Nigel Akehurst attended the 7th Groundswell, held at Lannock Manor Farm in Hertfordshire, to find out if regenerative farming has gone mainstream.

Now in its eighth year, having lost one event to Covid-19, this once small farming show and conference, founded and run by the Cherry family on their mixed arable no-till farm, has become the calendar event for everything “regen ag”. It is, in effect, the “Glasto of farming”.

Whatever your take on the term (and its many meanings), it’s a movement that is attracting a growing audience of farmers, consumers, climate activists, horticulturalists, entrepreneurs, journalists, policy makers and politicians.

This year more than 6,500 people attended Groundswell over two days – nearly double the number from 2021 – with many in their twenties and thirties, making the event feel like a proper festival (especially when you consider that the average age of a farmer is 59).

Another positive sign is the growing number of conventional farmers attending and giving regen ag a go. As event director Alex Cherry pointed out, Groundswell provides an inclusive space for everyone to share their own thoughts and practise ideas and experiences to help make farming part of the solution to many of the issues we face.

To some it comes down to simple economics rather than ideology, though many are motivated to do more to ensure we protect our soil, look after the land and produce food in a safe and nutritious way.

There was an impressive array of large talk tents (nine including a huge big top) and over 200 exhibitors. All the main farming organisations were there – DEFRA, the NFU, the CLA and Nature Friendly Farming Network to name a few. 

There were machinery dealers (no-till drills galore), robots, composting businesses, breed societies, software, carbon trading and biodiversity businesses and a few clothing and footwear brands alongside an impressive lineup of sustainable food traders (not a cheap burger van in sight).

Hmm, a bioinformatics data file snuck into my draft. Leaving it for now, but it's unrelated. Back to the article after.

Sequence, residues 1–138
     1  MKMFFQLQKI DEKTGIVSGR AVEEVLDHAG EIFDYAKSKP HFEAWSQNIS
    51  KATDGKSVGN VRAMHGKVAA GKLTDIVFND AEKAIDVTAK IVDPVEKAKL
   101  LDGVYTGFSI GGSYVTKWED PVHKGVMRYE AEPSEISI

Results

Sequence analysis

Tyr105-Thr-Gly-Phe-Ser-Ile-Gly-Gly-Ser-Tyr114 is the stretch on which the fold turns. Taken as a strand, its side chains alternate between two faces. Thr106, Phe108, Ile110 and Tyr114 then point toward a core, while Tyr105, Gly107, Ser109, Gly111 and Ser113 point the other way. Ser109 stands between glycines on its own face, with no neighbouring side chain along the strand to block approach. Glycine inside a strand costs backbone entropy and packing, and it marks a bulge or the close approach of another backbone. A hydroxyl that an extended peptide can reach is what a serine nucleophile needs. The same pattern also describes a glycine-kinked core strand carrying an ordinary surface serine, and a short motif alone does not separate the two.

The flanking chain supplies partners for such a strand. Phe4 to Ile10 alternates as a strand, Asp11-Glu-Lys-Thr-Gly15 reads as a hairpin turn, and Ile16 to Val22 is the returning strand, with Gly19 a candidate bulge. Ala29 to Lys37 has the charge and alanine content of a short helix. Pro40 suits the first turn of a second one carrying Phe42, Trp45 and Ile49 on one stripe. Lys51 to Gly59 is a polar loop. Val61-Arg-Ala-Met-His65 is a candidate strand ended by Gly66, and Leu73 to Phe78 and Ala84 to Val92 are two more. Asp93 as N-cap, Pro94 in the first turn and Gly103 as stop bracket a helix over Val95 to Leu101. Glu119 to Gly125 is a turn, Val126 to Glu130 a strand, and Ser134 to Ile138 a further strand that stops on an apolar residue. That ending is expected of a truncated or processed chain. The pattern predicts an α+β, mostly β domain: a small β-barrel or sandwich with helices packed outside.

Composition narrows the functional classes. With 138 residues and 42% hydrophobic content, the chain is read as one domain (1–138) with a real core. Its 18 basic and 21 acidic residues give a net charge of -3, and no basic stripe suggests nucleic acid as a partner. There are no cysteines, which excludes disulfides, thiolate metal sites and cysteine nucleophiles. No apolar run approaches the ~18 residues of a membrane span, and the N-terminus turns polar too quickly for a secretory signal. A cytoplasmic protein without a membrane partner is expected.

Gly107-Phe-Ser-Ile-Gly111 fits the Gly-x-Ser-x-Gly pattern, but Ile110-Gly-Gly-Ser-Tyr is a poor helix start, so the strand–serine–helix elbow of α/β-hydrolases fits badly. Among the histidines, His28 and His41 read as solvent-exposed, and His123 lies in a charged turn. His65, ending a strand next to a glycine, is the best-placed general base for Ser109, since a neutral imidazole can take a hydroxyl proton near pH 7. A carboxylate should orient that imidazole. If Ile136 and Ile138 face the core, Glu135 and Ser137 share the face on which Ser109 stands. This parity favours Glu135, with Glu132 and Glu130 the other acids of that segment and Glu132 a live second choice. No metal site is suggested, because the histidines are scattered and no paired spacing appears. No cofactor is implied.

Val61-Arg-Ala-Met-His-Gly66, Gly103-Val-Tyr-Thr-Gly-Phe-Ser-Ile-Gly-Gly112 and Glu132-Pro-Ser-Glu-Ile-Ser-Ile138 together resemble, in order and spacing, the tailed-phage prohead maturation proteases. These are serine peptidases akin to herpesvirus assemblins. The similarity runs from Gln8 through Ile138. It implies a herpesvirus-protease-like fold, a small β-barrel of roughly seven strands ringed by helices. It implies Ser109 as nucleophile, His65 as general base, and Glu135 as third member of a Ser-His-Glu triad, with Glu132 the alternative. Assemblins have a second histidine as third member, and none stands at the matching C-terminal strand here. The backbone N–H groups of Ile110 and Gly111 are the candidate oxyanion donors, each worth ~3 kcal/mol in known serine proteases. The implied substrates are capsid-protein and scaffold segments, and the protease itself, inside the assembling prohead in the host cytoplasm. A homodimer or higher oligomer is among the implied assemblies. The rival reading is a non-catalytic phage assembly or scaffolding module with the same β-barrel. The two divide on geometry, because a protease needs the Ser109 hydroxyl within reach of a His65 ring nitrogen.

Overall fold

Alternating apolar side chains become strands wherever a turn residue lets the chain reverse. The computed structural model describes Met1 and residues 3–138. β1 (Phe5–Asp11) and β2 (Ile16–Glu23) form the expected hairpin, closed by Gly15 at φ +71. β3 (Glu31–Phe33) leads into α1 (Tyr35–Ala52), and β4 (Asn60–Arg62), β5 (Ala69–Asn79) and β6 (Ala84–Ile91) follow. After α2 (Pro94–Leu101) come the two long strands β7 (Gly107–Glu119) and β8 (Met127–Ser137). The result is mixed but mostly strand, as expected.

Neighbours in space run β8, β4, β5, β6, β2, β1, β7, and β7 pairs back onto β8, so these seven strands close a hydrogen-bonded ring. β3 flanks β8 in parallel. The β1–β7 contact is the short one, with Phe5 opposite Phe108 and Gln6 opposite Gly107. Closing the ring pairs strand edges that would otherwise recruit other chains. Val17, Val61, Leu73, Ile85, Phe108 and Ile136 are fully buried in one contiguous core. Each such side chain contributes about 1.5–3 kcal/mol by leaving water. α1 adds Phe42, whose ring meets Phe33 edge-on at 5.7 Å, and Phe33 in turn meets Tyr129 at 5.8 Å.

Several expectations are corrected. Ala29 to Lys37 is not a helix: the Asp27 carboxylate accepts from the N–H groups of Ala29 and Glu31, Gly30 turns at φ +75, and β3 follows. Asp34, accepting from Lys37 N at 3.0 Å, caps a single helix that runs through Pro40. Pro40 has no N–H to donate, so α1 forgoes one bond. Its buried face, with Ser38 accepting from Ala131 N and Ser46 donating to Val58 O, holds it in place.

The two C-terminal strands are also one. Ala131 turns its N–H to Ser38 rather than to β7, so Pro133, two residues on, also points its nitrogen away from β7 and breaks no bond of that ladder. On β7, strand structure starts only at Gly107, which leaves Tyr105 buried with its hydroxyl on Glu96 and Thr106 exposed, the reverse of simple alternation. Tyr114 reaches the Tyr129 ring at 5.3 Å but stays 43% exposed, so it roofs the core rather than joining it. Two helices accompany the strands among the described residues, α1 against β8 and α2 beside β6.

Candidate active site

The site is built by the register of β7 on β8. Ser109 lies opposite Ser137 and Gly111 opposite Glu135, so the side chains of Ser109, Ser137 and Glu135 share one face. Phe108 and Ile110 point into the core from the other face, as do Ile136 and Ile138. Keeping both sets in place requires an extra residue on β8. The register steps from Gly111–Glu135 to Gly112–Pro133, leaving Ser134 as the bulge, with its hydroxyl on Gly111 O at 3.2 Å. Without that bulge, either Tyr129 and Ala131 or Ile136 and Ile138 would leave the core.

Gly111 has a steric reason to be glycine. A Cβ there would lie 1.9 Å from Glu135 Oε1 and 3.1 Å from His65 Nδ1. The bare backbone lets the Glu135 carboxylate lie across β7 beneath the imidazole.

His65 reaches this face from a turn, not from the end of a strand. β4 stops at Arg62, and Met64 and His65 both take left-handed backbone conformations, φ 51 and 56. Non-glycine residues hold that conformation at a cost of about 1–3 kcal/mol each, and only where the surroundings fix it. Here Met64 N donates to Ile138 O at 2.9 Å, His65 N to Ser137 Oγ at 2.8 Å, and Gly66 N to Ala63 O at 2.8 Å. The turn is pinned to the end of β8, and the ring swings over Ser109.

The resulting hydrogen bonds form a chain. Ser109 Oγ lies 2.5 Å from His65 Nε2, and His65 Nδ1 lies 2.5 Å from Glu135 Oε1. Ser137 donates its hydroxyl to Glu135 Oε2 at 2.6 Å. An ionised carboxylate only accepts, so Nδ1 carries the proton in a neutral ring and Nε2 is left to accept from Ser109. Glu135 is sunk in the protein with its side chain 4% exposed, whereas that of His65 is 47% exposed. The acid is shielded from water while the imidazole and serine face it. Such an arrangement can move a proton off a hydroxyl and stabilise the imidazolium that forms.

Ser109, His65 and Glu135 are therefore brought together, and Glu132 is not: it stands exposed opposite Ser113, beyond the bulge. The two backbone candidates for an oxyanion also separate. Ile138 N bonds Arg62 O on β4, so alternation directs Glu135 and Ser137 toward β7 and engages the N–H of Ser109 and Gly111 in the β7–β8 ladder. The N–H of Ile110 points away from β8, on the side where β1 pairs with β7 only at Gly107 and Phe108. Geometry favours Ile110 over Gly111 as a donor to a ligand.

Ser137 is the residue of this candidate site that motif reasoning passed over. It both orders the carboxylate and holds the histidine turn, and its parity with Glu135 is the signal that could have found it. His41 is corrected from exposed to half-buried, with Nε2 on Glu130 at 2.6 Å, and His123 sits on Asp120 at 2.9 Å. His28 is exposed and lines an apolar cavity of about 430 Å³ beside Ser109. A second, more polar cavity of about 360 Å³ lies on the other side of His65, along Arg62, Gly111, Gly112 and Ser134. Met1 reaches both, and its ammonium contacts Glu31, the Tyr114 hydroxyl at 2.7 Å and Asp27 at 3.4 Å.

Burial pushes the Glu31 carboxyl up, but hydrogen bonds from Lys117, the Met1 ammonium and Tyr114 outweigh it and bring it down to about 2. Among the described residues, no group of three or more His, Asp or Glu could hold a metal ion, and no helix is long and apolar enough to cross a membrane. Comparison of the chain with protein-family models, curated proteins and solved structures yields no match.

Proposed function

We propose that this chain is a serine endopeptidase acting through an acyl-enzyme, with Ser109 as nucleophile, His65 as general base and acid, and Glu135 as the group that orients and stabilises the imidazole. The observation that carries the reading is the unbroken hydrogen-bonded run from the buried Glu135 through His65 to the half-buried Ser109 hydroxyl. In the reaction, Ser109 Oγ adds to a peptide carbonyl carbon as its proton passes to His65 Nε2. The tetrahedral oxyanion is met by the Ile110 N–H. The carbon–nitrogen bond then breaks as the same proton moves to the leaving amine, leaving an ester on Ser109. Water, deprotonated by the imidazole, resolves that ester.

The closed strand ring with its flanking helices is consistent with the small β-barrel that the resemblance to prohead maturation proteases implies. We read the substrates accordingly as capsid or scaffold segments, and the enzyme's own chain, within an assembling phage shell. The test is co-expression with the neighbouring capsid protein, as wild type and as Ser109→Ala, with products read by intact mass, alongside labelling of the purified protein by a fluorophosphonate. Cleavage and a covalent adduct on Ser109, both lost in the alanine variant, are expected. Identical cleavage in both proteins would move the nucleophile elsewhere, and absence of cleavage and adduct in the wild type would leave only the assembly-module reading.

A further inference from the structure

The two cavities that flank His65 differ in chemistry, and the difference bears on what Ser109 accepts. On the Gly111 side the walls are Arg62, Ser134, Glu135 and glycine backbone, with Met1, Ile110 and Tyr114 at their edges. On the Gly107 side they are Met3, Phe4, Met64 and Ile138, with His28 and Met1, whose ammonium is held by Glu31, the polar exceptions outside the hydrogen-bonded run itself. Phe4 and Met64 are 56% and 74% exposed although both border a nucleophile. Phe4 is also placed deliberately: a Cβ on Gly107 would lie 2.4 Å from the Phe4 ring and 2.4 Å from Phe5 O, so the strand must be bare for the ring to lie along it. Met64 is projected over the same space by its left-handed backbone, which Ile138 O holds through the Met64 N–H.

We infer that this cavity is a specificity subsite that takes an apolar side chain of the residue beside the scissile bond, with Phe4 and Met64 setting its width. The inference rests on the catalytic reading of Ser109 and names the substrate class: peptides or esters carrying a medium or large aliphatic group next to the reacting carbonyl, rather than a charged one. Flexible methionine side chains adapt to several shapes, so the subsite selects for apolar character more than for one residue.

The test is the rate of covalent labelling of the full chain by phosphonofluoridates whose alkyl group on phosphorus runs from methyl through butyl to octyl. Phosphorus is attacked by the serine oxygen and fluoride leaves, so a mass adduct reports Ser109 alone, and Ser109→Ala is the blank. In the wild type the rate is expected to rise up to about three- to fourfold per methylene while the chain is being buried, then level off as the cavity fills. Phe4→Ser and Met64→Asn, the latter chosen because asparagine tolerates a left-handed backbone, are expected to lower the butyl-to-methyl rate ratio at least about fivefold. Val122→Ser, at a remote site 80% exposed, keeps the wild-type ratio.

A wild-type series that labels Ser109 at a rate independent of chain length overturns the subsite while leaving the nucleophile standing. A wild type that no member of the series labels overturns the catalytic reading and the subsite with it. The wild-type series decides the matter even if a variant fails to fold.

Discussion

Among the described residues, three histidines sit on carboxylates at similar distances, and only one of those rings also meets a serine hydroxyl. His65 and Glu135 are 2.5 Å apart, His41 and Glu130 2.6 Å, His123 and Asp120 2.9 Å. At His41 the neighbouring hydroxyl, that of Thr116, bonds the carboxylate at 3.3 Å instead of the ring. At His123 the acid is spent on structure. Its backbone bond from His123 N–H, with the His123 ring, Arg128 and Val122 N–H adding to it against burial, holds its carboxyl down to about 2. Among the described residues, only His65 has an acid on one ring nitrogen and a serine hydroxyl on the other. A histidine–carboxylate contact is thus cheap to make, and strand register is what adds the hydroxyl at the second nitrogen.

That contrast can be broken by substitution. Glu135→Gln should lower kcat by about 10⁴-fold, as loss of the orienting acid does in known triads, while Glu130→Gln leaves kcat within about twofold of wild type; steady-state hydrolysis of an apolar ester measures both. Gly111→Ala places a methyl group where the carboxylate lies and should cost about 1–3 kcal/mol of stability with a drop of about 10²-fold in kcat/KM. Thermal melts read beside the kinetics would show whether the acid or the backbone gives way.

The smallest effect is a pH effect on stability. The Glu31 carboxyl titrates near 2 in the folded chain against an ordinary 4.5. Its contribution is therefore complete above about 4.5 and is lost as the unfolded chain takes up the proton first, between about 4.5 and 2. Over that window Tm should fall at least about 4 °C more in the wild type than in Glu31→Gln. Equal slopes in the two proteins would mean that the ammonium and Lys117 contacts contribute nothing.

Picking what to see

With over 200 speakers and 100 sessions spread over the two days, it was no easy feat picking what to see. The big themes for this year were soil: where it all begins, fibre: fashion is agriculture, biodiversity: from naked eye to AI and last but not least food: discuss and digest. This year Groundswell also ‘popped the cork’ on regenerative viticulture, with two panel sessions exploring what that looks like around the world and in the UK.

I circled four sessions for the first day and three sessions for the second, allowing plenty of time to set up my rickety tent before the rain, chat to some of the exhibitors, attend a couple of nature safaris and see some of the demonstrations (the mobile abattoir).

For newcomers to regenerative agriculture there were some fascinating first principles sessions in the big top and rainfall simulator demos each day (demonstrating what two inches of rainfall does to soils under different management regimes).

Favourite sessions

One of the first sessions I attended was on cluster groups and landscape recovery, a topic I’ve found fascinating since my involvement in our local farm cluster group The Pevensey Farmers and an area that will become increasingly important as farmers are encouraged to work more collaboratively.

Next up, I attended both the hedgerow and pond safaris, two sessions that provided practical ideas to implement on our own family farm. Looking at the colour and structure of the soil underneath the hedgerow (darker and more alive) compared to the middle of the arable field (lighter and lifeless) was illuminating. Speakers also explained the revitalising process of laying or coppicing a “leggy” hedge. Farmers interested in such projects can take advantage of a number of countryside stewardship grants.